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NEED is adding new energy workshops all the time. Want to attend? Check out our calendar to find a workshop near you!

Anemometers and solar cells and light meters-- oh my! NEED's new online store is open for business!



Earth Day!

Established in 1970 to celebrate Planet Earth on the 22nd of April each year. 

To celebrate, here are a few exciting advances that have recently been made to help protect our environment:

Animals No Longer on the Endangered Species List:

  • West Indian Manatee

  • Louisiana Black Bear

  • Giant Panda

Ocean Protection:

  • Saltwater Brewery located in Delray Beach, Florida created the first ever edible six-pack rings to help combat the major issue of sea animals being harmed by ingesting the plastic six-pack rings that end up in the ocean. They are 100% biodegradable and compostable.

  • September 2016, Costa Rica, Ecuador, and Colombia worked together in a deal to protect the ocean wildlife near the Galapagos that includes 10,000 square miles.

  • 24 countries worked together in October 2016 to establish the Earth's single largest protected area in a deal to protect Antarctica's Ross Sea, which is home to a vast array of whales, seals, fish and penguins.

Renewable Energy Advances:

  • Advantages in technology have helped to decline the costs of wind and solar power

  • In the United States, 22GW of clean energy was added to the grid last year

  • For the third consecutive year, additions to the power grid came from renewable technologies

  • More states are expanding and extending their mandates for renewable electric generation.  New York, Oregon, and Washington, D.C. aim to reach 50% of each state's total electricity generation with renewables (New York's goal is by 2030).

Earth Day is a wonderful reminder of the efforts being made to save the planet, but also a reminder to recognize there is still much to be done!

Be sure to check out NEED's FREE curriculum resources. Organized by topic, subject, and grade level and designed with state standards in mind.  Includes Energy Infobooks, a great resource containing fact sheets that introduce students to energy, and describe energy sources, electricity, consumption, and conservation.


Library of Congress Blog Series, Spring 2017

Getting kids interested in science can be challenging. The Library of Congress has many online resources available to K-12 educators and their students including lesson plans, reading lists, and more that each relate to a specific topic in science. You can find these resources by visiting  This time we are featuring the list entitled, “School Gardens: A Guide to Selected Resources.” The list can be found by visiting:
Something on the minds of many is sustainability. How can we continue living the way we like without causing additional harm to the environment and ensure a sustainable future? As we continue to use fossil fuels to provide the bulk of our energy needs, energy sustainability seems to be something we ought to consider more closely. When access to clean water is disrupted for thousands of individuals as has happened in Flint, Michigan, and with large scale droughts in California, we turn our attention to water resources and how we can preserve what we have. And as large, corporate farms grow bigger and bigger, and our food supplies become more homogenous and processed, we start to think about making our food sources more sustainable. Organic foods, whole foods, local foods, and raw foods – these are common terms and concerns for those concerned about their food.  Many school communities have begun to include gardening in their science programming as a way to teach more about foods, sustainable practices, and energy while supporting life sciences content. The books and resources listed on “School Gardens” contain inspiration, stories, planning, and resources to help you start your own school garden project.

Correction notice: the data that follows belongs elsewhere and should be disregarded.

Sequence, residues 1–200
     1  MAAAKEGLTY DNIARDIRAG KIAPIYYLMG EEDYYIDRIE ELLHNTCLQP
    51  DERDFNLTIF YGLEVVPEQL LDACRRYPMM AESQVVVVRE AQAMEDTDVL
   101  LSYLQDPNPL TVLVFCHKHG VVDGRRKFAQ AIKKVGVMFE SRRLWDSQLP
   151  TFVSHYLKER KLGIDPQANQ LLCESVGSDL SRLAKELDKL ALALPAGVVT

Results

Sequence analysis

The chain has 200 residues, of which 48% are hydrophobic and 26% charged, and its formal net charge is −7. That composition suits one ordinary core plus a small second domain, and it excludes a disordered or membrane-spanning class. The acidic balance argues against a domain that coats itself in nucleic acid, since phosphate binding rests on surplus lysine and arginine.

Agriculture is not something readily taught in most schools. It certainly is a part of the discussion in some social studies lessons, and the needs of plants are a paramount part of some science courses. But putting it all together, and understanding agriculture and meeting our food needs, is not a topic seen in most schools. However, one middle school in Berkeley, California, has changed their approach to include food. The concept is Edible Education and includes principles such as “Food is an Academic Subject,” “Schools Support Farms,” and “Children Learn by Doing.” Described with artfully interwoven emotion and good pedagogy, Edible Schoolyard: A Universal Idea by Alice Waters chronicles the evolution of the project she began at Martin Luther King Middle School. The pages are beautifully illustrated with photographs of students in the gardens and kitchen growing, harvesting, and preparing the food their garden has produced. The book is a quick read, and a great source of inspiration to begin your own school agriculture program.  80 pages, ISBN 978-0-8118-6280-6